Kim: A lot of cases on college campuses do involve drugs or alcohol, and individuals who are not part of a college campus environment often do not understand this aspect. Examples of sexual assault and rape can be sensationalized through the media—the traditional image is that of a stranger in the dark jumping out from the bushes. The unique challenges of alcohol and drugs mean that we have to ensure victim blaming does not occur and emphasize that there is a correlation but not a causal relationship. And even in cases without alcohol or drugs involved, these cases still do not look like those sensationalized. This results in education barriers: we see this play out in support organizations that would typically work with individuals outside of college campuses. It’s key to be able to share education to broaden these individuals’ understanding of student experiences.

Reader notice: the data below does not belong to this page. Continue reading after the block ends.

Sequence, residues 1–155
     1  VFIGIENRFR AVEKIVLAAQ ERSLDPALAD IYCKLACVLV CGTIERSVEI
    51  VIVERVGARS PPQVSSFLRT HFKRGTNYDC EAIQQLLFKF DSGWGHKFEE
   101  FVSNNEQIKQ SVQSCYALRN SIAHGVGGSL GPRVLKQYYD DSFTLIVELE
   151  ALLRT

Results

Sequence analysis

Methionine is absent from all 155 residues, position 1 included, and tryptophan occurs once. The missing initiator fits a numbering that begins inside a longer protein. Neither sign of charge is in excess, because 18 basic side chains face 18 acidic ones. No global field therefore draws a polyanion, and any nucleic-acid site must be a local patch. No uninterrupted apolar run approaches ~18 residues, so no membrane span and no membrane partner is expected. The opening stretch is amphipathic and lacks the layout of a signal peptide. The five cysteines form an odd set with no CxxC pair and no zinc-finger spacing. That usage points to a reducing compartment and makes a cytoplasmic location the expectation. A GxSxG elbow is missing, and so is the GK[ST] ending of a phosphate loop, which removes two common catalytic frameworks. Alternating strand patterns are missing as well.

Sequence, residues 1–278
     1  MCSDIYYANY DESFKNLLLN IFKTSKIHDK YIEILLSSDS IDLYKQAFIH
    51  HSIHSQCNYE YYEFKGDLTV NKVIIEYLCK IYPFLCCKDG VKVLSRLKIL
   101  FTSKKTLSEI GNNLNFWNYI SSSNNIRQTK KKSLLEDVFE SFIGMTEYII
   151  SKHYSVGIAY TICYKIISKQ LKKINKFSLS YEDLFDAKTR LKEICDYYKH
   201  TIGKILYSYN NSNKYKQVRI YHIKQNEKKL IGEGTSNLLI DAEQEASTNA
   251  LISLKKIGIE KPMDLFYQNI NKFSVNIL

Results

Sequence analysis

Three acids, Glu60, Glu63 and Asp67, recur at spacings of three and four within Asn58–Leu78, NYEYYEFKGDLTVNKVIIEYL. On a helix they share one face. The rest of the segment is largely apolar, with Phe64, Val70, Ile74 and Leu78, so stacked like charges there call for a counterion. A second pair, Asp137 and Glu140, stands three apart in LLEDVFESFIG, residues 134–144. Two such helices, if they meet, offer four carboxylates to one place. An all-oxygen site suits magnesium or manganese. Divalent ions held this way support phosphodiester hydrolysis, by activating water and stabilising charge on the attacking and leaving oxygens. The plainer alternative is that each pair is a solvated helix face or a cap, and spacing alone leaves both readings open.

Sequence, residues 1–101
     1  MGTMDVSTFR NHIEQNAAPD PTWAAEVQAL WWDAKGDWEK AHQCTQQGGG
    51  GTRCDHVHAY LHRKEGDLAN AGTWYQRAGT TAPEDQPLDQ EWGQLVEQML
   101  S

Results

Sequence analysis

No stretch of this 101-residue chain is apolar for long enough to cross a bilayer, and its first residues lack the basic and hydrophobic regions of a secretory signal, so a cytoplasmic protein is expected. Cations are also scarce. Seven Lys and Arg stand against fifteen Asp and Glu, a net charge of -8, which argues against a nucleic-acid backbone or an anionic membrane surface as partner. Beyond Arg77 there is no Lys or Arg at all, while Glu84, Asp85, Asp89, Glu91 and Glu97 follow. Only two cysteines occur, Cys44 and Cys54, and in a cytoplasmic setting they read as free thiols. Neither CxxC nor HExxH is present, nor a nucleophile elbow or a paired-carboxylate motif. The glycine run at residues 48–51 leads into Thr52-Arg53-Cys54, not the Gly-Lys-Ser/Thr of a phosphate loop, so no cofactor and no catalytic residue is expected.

Anu: What would you see as potential fixes, both short-term and long-term, as solutions for our own campus’s problem with sexual assault? This is definitely a pretty big question, but perhaps a few examples.

 

Kim: We have amazing student groups on this campus like the Sexual Assault and Rape Anonymous Helpline (S.A.R.A.H), and Leaders in Interpersonal Violence Education (LIVE) who are really committed to effecting change, as well as other students aren’t in these groups. It does seem like a pretty daunting issue to try and fix, whether on campus or off campus looking at the national and political scene. However, there is a lot of energy and a lot of resources ready on this campus, and a lot of action steps for students. For example, many students go through Green Dot Bystander Intervention Training.  All of these are things that help to slowly change the culture. Outside of campus, it’s important to be engaged in bringing others into the discussion. We can talk to our board members, alumni, and others who might influence policy.

 

Anu: A related question, but how can more students be involved in efforts to recognize and end sexual assault and violence? University administrators?